Essentially, actual cash value (ACV) is how much your stolen or damaged property is worth after a covered loss is over. It is imperative to understand real cash value so that business insurance companies can determine how much should be paid by a policyholder after a covered loss. It will cover your home’s structure, typically at replacement cost if your dwelling insurance policy limits are met, but your other possessions aren’t the only ones to insure. Many policyholders choose to opt for the replacement cost feature instead. Our goal in this article is to explain actual cash value, how it’s calculated, and how it differs from replacement cost.
What Is An Actual Cash Value?
The actual cash value represents the amount needed to replace a property once depreciation is taken into account. Typically, it is similar to what you would receive if you sold the property before damage or loss. Imagine, for example, that you bought a new laptop for your web development business for RM3,000 and used it for two years before it was damaged. The cash value of replacing the computer would likely be significantly less than what you originally paid. When deciding how much to reimburse you based on an actual cash value commercial property insurance policy, your insurance company will consider the expected service life of the laptop and how long you used it.
How Do Insurers Determine The Actual Cash Value Of A Policy?
The actual cash value is determined by determining the replacement cost of an item and removing depreciation. Insurance companies assign an object a lifetime to calculate depreciation and determine what percentage of that lifetime is left. The replacement cost is multiplied by the rate to get the item’s actual cash value. As soon as you file a claim, an insurance adjuster will get involved to determine how much it will cost to pay your claim. When you opt to value your covered items at their actual cash value, your insurer will estimate the cost of replacing your lost or damaged item with a similar thing and then subtract the reduction in value due to depreciation. Imagine your two-year-old laptop is stolen, and you have a policy based on actual cash value. Two years ago, a similar laptop cost RM2,000, but today it costs RM2,500. According to your insurance provider, a computer has a useful life of five years, so the stolen laptop has 60% remaining of its useful life. The cash value is calculated by multiplying the replacement cost by 60%. It amounts to $1,500 as the actual cash value of the laptop.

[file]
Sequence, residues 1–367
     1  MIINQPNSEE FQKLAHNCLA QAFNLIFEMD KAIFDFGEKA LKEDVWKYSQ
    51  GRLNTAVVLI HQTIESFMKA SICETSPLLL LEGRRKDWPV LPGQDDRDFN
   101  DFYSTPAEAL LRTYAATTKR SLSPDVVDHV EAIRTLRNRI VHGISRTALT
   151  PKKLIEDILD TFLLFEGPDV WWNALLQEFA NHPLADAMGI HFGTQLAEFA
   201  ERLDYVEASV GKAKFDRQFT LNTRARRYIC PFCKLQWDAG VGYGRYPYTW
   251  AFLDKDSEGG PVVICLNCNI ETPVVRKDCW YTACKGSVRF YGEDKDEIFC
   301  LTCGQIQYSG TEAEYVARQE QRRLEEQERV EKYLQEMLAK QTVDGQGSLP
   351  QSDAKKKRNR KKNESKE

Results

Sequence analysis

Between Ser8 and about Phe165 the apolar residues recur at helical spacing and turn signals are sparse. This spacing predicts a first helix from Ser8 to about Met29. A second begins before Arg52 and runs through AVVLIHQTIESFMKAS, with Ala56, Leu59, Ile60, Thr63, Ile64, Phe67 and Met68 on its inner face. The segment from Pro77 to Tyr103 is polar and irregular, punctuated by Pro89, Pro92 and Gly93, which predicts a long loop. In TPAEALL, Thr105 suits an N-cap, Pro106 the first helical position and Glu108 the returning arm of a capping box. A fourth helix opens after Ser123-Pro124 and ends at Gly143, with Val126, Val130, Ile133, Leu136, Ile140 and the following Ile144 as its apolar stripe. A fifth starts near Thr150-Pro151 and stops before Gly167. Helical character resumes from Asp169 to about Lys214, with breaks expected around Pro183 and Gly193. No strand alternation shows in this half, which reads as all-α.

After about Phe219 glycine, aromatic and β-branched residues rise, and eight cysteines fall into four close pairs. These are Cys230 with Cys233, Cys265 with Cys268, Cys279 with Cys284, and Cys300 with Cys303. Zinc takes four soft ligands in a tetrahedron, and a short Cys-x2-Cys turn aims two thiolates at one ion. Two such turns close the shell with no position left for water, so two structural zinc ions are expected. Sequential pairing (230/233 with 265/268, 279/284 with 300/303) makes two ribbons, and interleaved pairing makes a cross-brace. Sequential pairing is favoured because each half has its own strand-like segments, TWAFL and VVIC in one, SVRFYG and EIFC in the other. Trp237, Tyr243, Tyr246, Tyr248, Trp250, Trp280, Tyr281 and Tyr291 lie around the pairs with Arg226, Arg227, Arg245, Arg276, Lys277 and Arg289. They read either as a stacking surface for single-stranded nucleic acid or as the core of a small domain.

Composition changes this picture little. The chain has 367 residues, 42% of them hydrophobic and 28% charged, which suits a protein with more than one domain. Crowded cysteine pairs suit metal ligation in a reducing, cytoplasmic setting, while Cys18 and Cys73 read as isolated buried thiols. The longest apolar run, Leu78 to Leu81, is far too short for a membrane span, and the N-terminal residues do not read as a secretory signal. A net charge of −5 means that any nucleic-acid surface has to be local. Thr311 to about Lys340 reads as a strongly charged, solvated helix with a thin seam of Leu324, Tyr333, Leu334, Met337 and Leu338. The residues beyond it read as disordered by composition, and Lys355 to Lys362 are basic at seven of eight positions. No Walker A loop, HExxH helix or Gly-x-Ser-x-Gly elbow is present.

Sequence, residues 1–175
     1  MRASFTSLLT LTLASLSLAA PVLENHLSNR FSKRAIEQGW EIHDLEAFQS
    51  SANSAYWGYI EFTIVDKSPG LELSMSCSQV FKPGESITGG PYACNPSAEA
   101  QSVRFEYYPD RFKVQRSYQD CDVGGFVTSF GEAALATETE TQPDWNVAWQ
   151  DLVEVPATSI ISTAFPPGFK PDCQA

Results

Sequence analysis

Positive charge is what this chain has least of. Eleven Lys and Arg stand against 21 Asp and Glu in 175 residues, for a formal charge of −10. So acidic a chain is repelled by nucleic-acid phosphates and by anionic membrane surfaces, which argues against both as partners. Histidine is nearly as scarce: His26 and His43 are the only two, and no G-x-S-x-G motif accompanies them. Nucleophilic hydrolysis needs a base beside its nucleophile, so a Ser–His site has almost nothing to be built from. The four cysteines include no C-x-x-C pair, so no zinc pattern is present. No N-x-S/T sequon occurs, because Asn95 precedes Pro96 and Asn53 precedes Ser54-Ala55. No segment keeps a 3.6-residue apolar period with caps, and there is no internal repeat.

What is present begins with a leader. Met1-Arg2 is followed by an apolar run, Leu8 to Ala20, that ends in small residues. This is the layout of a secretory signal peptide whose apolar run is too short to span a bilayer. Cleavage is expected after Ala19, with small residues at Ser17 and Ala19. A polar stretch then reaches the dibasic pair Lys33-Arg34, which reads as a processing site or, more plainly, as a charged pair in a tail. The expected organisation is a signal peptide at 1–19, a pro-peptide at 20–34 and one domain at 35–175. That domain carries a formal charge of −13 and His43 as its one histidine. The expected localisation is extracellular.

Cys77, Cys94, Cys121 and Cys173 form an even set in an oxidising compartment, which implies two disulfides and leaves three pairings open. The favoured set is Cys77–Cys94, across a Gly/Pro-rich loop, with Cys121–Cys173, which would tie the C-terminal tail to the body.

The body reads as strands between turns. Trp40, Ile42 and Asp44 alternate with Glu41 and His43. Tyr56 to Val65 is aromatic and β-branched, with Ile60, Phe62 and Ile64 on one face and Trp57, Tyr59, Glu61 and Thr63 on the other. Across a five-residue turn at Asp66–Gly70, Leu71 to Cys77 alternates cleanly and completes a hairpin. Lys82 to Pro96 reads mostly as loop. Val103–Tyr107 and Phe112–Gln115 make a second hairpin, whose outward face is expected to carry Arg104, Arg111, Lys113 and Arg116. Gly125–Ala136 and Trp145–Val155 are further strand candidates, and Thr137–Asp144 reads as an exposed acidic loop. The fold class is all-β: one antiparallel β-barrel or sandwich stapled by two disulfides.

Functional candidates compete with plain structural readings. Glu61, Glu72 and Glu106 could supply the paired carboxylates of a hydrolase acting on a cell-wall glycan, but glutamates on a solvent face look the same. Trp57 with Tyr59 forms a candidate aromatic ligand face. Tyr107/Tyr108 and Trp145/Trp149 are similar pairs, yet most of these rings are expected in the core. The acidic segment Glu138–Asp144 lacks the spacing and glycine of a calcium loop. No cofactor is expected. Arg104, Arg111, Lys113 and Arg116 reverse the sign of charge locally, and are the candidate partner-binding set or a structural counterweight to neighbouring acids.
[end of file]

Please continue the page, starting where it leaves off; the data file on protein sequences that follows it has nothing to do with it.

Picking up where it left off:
Comparison Of Actual Cash Value And Replacement Cost
If you are looking for commercial business insurance, you should weigh the pros and cons of actual cash value versus replacement cost. Depreciation is taken into account in the actual cash value. The replacement cost is determined by how much it would cost to replace the property without accounting for depreciation. For instance, a digital marketing agency might purchase its office furniture in 2020 for RM3,000, but today’s value of a similar setup is RM4,000, so replacement value insurance would be worth RM4,000. In contrast, the actual cash value of the insured property is different in that it includes the expected service life of the property. If the furniture purchased for RM3,000 has a service life of 10 years, its value after depreciation will be RM1,500 five years after being purchased (50% of the purchase price).
The purpose of actual cash value insurance is to provide a fair value valuation by accounting for the initial cost and depreciation. Having real cash value insurance has a downside in that it doesn’t cover as much as replacement cost insurance should you need to replace something. Generally, buying actual cash value insurance is advisable if you have a restricted budget. If you have a larger budget, replacement cost insurance is most recommended.